Sheila MacNeil

 

Dept of Materials Science & Engineering, University of Sheffield, Sheffield, S10 3AU ,UK  
s.macneil@sheffield.ac.uk

 

My group has been involved in delivering cell therapy to the clinic since 1992.  This started with an interaction with a burns unit in a Sheffield hospital where I cultured autologous epithelial keratinocytes for patients with extensive full thickness burns. After a 10 year audit of this it became clear there was room for improvement1.  We improved on the cell delivery system, developing a cell carrier system, Myskin™, through a spin out company, CellTran Ltd.  The development of the carrier was acheived because of  sustained support from surgeons in the Burns Unit and then colleagues working with diabetic ulcers – we published a small single-blind study demonstrating that MySkin offered benefit to patients with diabetic ulcers2. This product, Myskin™, has now been used by 11 out of the 13 Burns Units in the UK and has been on the market for 12 years now. 

Following that we produced tissue engineered skin containing epidermal and dermal layers designed to be used for elective reconstructive surgery and took that to small scale clinical evaluation in patients for reconstruction of burns contractures –this identified problems of delayed vascularisation and skin contraction 3 which we then studied extensively in 3D in vitro models. We moved forward clinically with  tissue engineered buccal mucosa which  was used  for replacing scarred tissue of the urethra4. These grafts were all well vascularised but in some patients these went on to develop fibrosis –a recurrent condition for these patients. More recently, I have worked closely with an ophthalmic surgeon in India to simplify current treatments for the regeneration of the cornea and we have developed a simple synthetic alternative to the human donor amniotic membrane which is currently used in this technique .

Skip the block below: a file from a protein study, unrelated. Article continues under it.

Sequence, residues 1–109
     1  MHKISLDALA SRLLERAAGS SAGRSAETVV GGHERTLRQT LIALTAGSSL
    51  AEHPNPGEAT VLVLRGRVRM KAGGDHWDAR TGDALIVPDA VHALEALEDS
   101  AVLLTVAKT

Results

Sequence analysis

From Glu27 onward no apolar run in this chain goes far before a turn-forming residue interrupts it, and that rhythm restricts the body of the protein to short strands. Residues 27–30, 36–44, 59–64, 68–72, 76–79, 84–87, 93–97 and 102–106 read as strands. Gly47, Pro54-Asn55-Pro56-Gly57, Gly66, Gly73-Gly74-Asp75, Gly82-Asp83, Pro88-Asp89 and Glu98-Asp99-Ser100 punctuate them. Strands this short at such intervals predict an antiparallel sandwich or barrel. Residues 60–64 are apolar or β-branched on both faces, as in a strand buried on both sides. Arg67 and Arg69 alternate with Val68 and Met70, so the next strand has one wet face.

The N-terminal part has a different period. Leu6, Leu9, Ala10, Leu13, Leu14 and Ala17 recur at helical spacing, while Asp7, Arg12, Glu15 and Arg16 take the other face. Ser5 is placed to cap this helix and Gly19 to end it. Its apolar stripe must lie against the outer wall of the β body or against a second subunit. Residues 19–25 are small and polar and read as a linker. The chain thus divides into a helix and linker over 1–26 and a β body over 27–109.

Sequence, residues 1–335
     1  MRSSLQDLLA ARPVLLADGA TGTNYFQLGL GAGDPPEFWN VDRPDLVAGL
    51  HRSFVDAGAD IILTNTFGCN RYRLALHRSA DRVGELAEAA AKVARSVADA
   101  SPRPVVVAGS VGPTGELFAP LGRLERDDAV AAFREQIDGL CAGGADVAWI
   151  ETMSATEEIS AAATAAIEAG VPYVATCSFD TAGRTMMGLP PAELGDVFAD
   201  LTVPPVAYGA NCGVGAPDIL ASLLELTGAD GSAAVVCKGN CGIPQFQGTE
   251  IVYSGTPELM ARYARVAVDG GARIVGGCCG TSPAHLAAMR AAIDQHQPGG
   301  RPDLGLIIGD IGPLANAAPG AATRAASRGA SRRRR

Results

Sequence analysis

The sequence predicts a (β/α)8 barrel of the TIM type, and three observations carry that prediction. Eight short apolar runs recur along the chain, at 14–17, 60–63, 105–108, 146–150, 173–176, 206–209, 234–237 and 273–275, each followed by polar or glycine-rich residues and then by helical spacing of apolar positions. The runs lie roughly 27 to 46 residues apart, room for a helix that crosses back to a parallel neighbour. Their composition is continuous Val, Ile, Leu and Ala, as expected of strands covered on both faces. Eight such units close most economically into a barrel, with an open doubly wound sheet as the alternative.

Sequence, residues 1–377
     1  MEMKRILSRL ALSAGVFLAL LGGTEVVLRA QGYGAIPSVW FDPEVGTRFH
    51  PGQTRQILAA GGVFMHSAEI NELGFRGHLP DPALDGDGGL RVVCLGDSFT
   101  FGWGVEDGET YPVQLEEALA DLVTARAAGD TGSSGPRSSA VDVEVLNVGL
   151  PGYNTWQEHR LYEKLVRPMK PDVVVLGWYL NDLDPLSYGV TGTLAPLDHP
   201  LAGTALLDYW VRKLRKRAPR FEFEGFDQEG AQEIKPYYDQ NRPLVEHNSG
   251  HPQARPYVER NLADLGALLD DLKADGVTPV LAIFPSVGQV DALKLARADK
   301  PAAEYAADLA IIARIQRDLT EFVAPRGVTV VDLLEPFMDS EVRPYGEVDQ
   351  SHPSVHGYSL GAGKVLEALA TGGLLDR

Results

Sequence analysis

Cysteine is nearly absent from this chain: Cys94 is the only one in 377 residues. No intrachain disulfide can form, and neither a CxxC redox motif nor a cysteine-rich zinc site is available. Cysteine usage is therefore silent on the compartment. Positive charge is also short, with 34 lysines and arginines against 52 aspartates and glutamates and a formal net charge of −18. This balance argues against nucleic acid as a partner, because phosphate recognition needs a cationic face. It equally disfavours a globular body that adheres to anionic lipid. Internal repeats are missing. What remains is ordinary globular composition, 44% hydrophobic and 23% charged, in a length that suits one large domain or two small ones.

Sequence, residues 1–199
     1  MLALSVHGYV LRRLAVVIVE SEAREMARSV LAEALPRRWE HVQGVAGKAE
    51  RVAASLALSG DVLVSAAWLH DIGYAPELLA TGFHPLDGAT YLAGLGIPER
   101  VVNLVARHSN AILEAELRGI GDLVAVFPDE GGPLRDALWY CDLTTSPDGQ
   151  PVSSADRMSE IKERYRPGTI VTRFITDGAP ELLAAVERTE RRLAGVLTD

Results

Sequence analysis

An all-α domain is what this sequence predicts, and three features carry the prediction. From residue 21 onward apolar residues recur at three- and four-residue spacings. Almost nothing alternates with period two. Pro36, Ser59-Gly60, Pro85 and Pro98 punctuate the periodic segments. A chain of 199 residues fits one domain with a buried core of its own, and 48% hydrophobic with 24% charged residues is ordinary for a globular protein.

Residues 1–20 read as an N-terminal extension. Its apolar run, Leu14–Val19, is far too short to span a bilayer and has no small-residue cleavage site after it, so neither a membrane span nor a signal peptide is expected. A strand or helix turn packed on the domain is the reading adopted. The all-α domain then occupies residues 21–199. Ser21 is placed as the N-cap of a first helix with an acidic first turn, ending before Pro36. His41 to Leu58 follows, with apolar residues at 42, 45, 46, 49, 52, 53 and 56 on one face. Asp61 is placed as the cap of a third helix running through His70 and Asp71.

In summary by working closely with surgeons it is possible to develop epithelial tissues to be used as an adjunct to conventional surgical approaches and in some cases to simplify and improve how cultured cell therapy is used to achieve clinical benefit.

 

1.       Hernon CA, Dawson RA, Freedlander E, Short R, Haddow DB, Brotherston M and MacNeil S. Clinical experience using cultured epithelial autografts leads to an alternative methodology for transfering skin cells from the laboratory to the patient.  Regenerative Medicine  1(6):809-821. (2006)

2.       Moustafa M, Bullock AJ, Creagh FM, Heller S, Jeffcoate W, Game F, Amery C, Tesfaye S, Ince Z, Haddow DB and MacNeil S. Randomised controlled single blind prospective pilot study on the use of autologous keratinocytes on a transfer dressing (Myskin) in the treatment of non-healing diabetic ulcers. Regenerative Medicine 2(6):887-902. (2007)

3.       MacNeil S. Progress and Opportunities in Tissue Engineering of Skin. Nature Insights. Nature 445, 874-880 (2007)

4.       Osman N. Long-term follow-up after tissue engineered buccal mucosa urethroplasty.  European Urology.  66(1):790-791 (2014).

5.       Deshpande P, Ramachandran C, Sefat F, Mariappan I, Johnson C, McKean R, Hannah M, Sangwan VS, Claeyssens F, Ryan AJ, MacNeil S.  Simplifying corneal surface regeneration using a biodegradable synthetic membrane and limbal tissue explants.  Biomaterials. 34(21): 5088-5106 (2013)

Venue

Room: 
Hawken N202